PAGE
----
Northbound – 2008

M/V DESERT VENTURE

Northbound – 2008

April 12, 2008

 

Thus far on this web log, I have uploaded our voyage north, from San Francisco Bay in the spring of 2005, and some logs on cruising in the Pacific Northwest (PNW).  Since that time we did another season in the PNW, cruising up through British Columbia and SE Alaska.  On departure from SE AK in the summer of 2006, we voyaged to Mexico, where we spent a winter. In 2006 we did over 5000 nautical miles.  In the spring of 2007, we started our voyage back to the USA, hopping our way up the coast, as weather permitted, ending up in San Francisco Bay for this past winter.   I have logs on most of these travels and will work to get them uploaded.   As bloggers know, it takes time to turn a document into a web blog.

 

And now, after a winter in the bay area, we are once again preparing to voyage up the west coast of Northern California, Oregon, and Washington headed for the Inside Passage.   Our goal is to spend another wonderful season in SE AK.   This time we will be taking our time at several favorite spots, and staying through the season.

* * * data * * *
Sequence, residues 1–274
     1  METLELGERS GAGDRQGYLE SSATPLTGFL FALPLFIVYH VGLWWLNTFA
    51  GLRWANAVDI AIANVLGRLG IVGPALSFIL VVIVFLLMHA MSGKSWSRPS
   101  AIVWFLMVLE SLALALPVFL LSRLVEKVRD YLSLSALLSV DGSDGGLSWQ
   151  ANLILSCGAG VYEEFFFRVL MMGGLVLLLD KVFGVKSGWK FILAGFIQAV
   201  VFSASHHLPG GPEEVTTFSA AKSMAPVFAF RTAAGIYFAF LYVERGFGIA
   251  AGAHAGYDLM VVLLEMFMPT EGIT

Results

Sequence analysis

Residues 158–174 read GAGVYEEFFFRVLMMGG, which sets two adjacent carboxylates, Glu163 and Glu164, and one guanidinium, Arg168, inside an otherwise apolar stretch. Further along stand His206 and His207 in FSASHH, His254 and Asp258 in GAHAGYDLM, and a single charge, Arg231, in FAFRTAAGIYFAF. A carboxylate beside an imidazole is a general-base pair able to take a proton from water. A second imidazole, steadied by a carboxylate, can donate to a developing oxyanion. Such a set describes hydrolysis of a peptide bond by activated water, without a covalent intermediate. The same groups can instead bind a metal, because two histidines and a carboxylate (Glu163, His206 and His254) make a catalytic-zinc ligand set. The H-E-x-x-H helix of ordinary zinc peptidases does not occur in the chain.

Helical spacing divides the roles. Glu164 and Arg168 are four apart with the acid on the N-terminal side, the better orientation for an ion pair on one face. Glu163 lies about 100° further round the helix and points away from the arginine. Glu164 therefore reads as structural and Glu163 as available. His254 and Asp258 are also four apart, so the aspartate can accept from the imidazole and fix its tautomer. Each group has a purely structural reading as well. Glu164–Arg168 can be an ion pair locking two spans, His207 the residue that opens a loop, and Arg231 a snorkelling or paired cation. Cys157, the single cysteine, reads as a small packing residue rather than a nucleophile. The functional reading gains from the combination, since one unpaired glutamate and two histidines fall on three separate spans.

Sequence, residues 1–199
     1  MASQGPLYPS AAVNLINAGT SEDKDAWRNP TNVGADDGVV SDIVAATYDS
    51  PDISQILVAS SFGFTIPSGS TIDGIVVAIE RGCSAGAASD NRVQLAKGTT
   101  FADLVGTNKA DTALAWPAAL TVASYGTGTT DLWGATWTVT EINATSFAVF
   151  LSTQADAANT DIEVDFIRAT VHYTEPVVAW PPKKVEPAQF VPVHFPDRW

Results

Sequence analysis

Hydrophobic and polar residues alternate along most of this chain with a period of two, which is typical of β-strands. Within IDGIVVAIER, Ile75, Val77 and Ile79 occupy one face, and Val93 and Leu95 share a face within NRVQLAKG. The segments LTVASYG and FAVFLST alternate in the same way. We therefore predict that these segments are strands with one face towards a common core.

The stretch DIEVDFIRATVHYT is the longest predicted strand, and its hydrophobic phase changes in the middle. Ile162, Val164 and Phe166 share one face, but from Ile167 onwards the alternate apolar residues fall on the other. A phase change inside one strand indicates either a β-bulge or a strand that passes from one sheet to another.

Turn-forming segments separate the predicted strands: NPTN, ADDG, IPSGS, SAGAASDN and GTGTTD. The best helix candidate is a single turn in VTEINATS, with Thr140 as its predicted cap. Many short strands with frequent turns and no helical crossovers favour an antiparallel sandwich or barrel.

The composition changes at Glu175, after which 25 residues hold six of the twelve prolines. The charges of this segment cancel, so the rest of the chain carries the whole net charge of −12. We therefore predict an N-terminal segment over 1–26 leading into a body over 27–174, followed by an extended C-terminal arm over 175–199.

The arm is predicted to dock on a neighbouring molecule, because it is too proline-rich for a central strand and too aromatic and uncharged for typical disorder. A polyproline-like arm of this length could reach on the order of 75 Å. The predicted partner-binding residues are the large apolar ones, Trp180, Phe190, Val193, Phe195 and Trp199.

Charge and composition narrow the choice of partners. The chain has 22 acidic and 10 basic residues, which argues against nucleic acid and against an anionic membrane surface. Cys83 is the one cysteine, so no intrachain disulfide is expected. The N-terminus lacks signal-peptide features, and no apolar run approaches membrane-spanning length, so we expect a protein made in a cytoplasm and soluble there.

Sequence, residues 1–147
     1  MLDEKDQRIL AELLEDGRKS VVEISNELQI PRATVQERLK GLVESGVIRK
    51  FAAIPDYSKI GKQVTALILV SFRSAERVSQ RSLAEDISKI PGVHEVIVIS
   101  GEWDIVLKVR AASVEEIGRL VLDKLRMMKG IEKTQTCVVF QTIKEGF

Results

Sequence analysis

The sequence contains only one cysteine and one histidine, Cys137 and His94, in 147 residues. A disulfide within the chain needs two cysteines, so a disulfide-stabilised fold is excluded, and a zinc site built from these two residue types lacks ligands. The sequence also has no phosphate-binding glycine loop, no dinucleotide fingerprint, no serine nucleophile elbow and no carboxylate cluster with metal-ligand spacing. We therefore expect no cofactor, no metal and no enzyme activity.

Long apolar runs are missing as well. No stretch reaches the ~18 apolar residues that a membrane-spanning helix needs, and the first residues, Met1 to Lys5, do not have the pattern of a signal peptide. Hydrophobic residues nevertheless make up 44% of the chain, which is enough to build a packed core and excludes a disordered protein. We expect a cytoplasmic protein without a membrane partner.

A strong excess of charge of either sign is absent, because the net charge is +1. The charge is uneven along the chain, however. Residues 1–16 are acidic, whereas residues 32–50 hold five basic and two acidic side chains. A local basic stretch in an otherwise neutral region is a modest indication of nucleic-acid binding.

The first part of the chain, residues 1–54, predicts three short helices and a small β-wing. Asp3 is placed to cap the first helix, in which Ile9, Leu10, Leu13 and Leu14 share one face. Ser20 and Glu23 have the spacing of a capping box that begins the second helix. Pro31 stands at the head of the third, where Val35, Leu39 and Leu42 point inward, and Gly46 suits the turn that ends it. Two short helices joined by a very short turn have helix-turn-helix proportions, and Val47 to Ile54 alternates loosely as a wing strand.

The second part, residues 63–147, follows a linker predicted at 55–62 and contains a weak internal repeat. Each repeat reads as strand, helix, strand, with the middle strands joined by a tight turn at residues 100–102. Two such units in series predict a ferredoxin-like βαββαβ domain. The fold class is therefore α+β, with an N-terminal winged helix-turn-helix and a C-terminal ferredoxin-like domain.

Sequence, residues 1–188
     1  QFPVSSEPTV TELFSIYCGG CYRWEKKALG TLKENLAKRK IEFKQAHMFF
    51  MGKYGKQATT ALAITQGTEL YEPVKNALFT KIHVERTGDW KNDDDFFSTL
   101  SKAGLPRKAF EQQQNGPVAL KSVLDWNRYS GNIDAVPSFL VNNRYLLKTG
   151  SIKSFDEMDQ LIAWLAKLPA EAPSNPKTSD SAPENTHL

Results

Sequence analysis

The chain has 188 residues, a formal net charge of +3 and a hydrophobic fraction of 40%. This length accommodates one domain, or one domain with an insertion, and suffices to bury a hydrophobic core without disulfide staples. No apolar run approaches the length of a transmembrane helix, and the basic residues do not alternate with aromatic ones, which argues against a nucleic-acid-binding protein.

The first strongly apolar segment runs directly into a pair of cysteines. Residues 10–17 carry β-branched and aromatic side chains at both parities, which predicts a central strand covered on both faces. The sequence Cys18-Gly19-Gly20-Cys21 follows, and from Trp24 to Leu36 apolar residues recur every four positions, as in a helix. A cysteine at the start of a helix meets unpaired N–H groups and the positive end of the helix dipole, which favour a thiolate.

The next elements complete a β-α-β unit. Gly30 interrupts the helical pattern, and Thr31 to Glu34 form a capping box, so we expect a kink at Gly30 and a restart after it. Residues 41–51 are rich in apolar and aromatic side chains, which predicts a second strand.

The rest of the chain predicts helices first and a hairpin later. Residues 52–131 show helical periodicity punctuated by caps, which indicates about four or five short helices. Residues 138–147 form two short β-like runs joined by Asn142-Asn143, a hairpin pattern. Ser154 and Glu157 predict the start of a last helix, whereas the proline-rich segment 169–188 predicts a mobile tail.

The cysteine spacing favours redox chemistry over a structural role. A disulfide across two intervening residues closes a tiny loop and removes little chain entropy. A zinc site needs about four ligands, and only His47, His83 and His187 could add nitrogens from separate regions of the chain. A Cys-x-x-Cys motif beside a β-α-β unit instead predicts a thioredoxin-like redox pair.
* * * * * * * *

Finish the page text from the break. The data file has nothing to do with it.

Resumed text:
We do not expect to have a total voyaging week of flat and mostly boring seas as we head north this season.  So that means we will probably hop up the coast with every weather window that fits our requirements. We will go as long as the weather holds.  We work very hard to never have a schedule – self-imposed or otherwise.  That means we wait for those ideal (or mostly ideal) periods of acceptable conditions.  Though many boaters will go in some fairly animated conditions, we limit the conditions that we are willing to tolerate.   We prefer flat seas, but will tolerate up to 5 or 6 foot seas, as long as the period is long.  In other words a five foot sea with a period of 11 seconds is fairly boring, and you might not even notice the condition as being anything but ho-hum.  We do not tolerate a five foot wave with a five second period.  We call that a square wave, and you do a lot of up/downs (what is commonly referred to as pitching) and depending on the winds, up/down/splash!   We experienced some 7-8 foot square waves for a few hours, this last spring, coming up the Baja Peninsula. The waves came in sets of about three, so there was a slight reprieve occasionally, but very short lived.  After a few hours that gets really old and irritating.  It is doable, but just not that much fun.